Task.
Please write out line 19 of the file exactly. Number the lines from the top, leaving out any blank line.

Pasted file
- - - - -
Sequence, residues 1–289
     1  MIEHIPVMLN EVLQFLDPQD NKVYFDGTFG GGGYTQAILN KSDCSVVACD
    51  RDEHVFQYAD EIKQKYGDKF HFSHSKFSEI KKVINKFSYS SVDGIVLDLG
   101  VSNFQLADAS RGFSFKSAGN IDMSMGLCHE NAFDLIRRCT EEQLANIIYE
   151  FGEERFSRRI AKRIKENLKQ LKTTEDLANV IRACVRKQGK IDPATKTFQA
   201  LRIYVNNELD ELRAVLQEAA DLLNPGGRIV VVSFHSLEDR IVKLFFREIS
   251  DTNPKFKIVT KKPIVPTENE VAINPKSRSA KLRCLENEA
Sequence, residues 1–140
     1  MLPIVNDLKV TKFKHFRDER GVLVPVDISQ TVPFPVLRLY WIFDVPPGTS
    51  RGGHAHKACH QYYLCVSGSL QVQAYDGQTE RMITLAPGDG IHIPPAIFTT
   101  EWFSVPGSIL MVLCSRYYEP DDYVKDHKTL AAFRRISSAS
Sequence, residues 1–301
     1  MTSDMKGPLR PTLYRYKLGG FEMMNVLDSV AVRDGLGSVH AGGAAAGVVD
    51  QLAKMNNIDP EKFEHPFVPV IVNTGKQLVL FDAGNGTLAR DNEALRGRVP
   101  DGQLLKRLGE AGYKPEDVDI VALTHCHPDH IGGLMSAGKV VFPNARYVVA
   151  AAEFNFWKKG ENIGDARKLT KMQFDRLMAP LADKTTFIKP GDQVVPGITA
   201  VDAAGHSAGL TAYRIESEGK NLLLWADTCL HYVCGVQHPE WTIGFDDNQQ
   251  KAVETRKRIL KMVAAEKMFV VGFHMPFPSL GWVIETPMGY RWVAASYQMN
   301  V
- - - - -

   301  V